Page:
The State, the “Modern” City, and the Old Quarters
The identity of the modern city is created by what it keeps out. Its modernity is something contingent upon the exclusion of its opposite.
Timothy Mitchell, Colonising Egypt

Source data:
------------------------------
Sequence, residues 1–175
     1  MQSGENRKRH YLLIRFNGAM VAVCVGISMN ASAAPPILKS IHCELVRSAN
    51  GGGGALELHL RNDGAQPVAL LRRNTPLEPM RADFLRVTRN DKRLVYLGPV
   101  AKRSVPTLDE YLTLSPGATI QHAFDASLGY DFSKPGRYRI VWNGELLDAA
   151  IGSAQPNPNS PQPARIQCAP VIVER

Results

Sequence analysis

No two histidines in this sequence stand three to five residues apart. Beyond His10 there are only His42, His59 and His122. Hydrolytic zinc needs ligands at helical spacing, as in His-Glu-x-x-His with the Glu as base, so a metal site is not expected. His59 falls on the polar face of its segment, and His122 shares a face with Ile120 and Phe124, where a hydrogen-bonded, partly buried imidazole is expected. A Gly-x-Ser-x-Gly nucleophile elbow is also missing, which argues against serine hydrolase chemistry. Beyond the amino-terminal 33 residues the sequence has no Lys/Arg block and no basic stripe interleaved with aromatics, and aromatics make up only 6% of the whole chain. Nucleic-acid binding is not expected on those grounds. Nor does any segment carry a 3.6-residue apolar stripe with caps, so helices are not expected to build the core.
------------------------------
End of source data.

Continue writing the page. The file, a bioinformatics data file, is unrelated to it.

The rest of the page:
As part of Sadat's larger plan to restructure the local landscape and build “modern” Cairo, around five thousand Egyptian families were moved during the period 1979–1981 from Bulaq in Central Cairo to public housing projects (masaakin sha‘biyya) built by the state in two different neighborhoods: ‘Ain Shams and al-Zawiya al-Hamra (al-Akhbar, May 19, 1979: 1). Bulaq, once the site of the winter residences of the rich, then a major commercial port, and later an industrial center (Rugh 1979; Abu-Lughod 1971), had become unfit for the modern image that Sadat was trying to construct. This large area, which over the years had housed thousands of Egyptian low-income families, overlooks the Nile. It is adjacent to the Ramsis Hilton, next to the television station, around the corner from the World Trade Center, across the river from Zamalek (an upperclass neighborhood), and very close to many of the facilities oriented to foreign tourists (see Figure 2). Its old houses and crowded streets were not things that tourists and upper-class Egyptians should see. At the same time, the location became very valuable because Sadat's policies, as he proudly announced, increased the price of the land. The old crowded houses were to be replaced by modern buildings, luxury housing, five-star hotels, offices, multistory parking lots, movie theaters, conference halls, and “centers of culture” (al-Ahram, December 27, 1979: 3). Officials emphasized the urgent need to remove the residents of this old quarter because many international companies were ready to initiate economic and tourist investment in the area. Expected profits from these investments would contribute to national income and assist the state in financing new houses for the displaced population (9). The plan to build